Along the past fifty years, a new, unique, political project - European unification - has emerged to unite peoples and nations, which had historically appeared to embody the archetypal symbols of war and enmity. How citizens have been led to accept peace and co-operation with their traditional enemies is a question, which has struck many observers as being extremely challenging and paradoxical. Have European citizens accepted European unification only because they have accepted the idea that it was favourable to their economic development and without developing a new political identity or, because they have progressively acquired such a new European identity? Surely, if European citizens have gone on not identifying politically with the European integration and equated the European project with a pure economic concept, there must be an overwhelming majority of citizens opposed to any further unification. Indeed, now, unification is predominantly political, and opens itself to poorer countries at a cost for the wealthier ones. Moreover, many of the specific policies of the European Union have been depicted in highly negative terms by the mass media and large numbers of politicians. However, at the same time, support for European integration has not decreased dramatically, and the political and social aspects of integration generally find greater support than the economic ones.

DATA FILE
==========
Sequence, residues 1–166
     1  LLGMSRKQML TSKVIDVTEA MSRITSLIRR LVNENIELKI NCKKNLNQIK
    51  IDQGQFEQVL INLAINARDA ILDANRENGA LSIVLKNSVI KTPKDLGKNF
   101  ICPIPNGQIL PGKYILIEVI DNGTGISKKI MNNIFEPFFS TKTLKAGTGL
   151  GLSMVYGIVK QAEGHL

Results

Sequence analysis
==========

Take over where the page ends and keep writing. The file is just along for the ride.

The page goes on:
KeywordsSocial Identity Social Contract Political Community Political Identity Party Identification
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